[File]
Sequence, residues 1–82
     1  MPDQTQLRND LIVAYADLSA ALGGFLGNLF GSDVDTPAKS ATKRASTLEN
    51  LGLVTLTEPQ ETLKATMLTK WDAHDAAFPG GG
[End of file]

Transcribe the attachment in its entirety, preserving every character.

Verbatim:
Sequence, residues 1–82
     1  MPDQTQLRND LIVAYADLSA ALGGFLGNLF GSDVDTPAKS ATKRASTLEN
    51  LGLVTLTEPQ ETLKATMLTK WDAHDAAFPG GG